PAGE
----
Falling down in my Historical Fiction Challenge


As I have been busy doing other things I haven’t read many books for my Historical Fiction Reading Challenge.  I have been reading crime fiction but I am now reading a historical fiction book for my challenge.  The book is Suite Française by Irene Némirovsky

Suite FrancaiseA wonderful book with so many interesting characters.

From the cover:

“Set during the year that France fell to the Nazis, Suite Française falls into two parts.  The first is a brilliant depiction of a group of Parisians as they flee the Nazi invasion; the second follows the inhabitants of a small rural community under occupation.  Suite Française is a novel tha teems with wonderful characters struggling with the new regime.  However, amidst the mess of defeat, and all the hypocrisy and compromise, there is hope.  True nobility and love exist, but often in surprising places.”

This book gives you a fascinating look at Paris during World War II  and the massive exit from the city seen through the eyes of the author who (while writing this book) was living in the French countryside until her capture by the Nazis. All characters are carefully depicted and each one brings to the novel some aspect of life during the Nazi invasion of France in 1941.

“In 1941, Irene Némirovsky sat down to write a book that would convey the magnitude of what she was living through by evoking the domestic lives and personal trials of the ordinary citizens of France.  Némirovskys death in Auschwitz in 1942 prevented her from seing the day, sixty five years later, that the existing two sections of her planned novel sequence, Suite Française would be rediscovered and hailed as a masterpiece.”

Although the author never finished Sweet Francaise what is amazing is that her lack of an ending does not affect a beautifully written story.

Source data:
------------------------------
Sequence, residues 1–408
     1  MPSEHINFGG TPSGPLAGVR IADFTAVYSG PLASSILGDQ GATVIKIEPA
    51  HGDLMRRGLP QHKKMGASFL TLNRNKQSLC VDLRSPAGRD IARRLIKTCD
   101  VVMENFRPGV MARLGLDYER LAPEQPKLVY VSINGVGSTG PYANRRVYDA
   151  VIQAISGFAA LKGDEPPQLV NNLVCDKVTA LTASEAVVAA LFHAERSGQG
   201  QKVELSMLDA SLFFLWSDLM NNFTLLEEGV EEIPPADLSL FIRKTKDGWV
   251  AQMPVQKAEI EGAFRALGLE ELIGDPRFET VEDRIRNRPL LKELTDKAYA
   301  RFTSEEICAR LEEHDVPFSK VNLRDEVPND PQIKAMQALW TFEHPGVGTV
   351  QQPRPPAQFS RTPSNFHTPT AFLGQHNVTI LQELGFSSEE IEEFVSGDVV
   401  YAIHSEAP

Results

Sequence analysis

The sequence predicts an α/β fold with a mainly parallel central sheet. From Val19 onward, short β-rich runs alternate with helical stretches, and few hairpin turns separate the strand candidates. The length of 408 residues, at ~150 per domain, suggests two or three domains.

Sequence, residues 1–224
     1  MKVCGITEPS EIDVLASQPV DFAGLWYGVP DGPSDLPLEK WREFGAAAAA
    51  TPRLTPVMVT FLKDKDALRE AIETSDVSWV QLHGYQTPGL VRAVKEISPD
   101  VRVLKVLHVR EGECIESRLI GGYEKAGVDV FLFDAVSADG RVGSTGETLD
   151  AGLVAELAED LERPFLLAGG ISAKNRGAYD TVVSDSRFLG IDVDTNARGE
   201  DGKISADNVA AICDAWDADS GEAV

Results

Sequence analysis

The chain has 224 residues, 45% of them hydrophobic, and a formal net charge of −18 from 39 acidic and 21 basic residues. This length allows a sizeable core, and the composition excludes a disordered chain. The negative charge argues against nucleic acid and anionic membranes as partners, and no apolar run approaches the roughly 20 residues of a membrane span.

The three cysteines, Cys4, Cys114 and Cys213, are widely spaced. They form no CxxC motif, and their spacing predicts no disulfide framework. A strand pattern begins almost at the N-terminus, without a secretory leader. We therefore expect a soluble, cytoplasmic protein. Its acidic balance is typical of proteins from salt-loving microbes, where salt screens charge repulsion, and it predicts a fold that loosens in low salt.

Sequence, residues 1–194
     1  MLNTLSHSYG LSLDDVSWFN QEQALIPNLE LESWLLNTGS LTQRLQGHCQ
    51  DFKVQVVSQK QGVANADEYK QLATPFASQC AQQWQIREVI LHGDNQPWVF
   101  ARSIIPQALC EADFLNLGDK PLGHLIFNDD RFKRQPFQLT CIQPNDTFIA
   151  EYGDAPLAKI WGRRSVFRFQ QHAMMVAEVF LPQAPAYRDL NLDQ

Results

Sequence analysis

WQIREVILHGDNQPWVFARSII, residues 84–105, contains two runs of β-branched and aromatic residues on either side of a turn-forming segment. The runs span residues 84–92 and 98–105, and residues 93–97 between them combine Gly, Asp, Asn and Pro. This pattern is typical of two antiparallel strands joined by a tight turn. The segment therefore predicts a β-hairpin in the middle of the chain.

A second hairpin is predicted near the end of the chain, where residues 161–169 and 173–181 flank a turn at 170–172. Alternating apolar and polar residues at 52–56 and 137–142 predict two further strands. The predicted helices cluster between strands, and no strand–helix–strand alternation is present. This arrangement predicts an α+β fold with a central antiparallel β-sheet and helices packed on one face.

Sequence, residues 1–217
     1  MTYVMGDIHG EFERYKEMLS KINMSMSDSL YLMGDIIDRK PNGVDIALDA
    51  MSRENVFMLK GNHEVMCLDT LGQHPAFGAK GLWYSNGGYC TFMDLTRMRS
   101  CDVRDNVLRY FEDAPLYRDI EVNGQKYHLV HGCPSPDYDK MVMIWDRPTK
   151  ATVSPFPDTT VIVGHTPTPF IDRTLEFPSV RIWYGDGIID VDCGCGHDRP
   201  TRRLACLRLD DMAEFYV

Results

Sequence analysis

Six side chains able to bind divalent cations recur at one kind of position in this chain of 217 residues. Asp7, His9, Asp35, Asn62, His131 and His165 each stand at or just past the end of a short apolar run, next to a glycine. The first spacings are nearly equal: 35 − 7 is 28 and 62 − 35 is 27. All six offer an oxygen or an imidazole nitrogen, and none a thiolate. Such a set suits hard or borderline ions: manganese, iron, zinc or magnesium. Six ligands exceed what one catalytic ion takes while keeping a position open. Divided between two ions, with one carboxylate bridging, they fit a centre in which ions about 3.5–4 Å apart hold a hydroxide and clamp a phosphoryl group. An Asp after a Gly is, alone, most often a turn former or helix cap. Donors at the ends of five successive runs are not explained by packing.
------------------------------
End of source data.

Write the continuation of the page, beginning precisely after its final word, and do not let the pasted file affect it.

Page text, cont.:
7 Comments Add yours

  1. Jennifer says:

    Can you imagine? This is powerful stuff …… dying in Auschwitz and having her words published. I have a fascination with the WWII era – I think because my parents lived through it but I didn’t. It was history to me. Now the Vietnam War, that was different – well way different since I could never understand the purpose of it at all. And I still can’t get over you finished that sweater. I’ve been trying to teach myself continental knitting because it is so much easier on your hands than throwing, which is what I do. I am left-handed so holding the yarn in my left hand shouldn’t be hard?

    1. suth2 says:

      I hold my second colour in the left hand when I am doing colour work. If I am working with more than two colours in a row or round I just pick up the other colour and put it down again. No doubt there is a faster method but I think I would need someone in person to show me how.

      Suite Francaise was certainly powerful. At the end of the book were the notes written by the author while she was writing the book and there was also the correspondence before she was imprisoned and after her imprisonment.

      Her daughters also suffered during those years.

      1. Jennifer says:

        Amazing story. I need a buddy to show me how to hold my yarn in that left hand – I keep looking at internet pictures, but I don’t get it!

  2. Hi… yes, I have read this book, found it very moving… my cousin-in-law has just written a book which was compiled from letters written between her mother and grandmother in wartime. The book is called “Escape to Auschwitz” Hulda’s story published by Feedaread.com. She is doing a book signing this week in a local book shop.

    1. suth2 says:

      That is amazing that your cousin-in-law has published a book about her family during wartime. I will check it out on Feedaread.

      Suite Francaise was certainly a moving read. Beautiful literature captured in a terrible time.

  3. vagabonde says:

    I read this book in French when it came out a few years ago. I had read an article in a French newspaper saying that Irene’s daughter had her mother’s black book containing this story and had not found the courage to read it for years, then she did and a friend suggested that it be published – I am pleased she did. I bought several other books by her, in French, and still have a couple to read. Now about your tea cosy – I’ll have to find the pattern as I think it is very petty. Less than a week to watch the Tour de France – I hate to see it ends, the days went fast.

    1. suth2 says:

      The book was made even more poignant by the inclusion of correspondence and notes at the end of the story. It was a beautifully written book.

      I am loving the Tour this year even more than last year. Orica Green Edge have not done as well as their spectacular year last year but another Australian rider, Michael Rogers has won a stage. Love it.

      The pattern for the tea cosy you can find on Ravelry.

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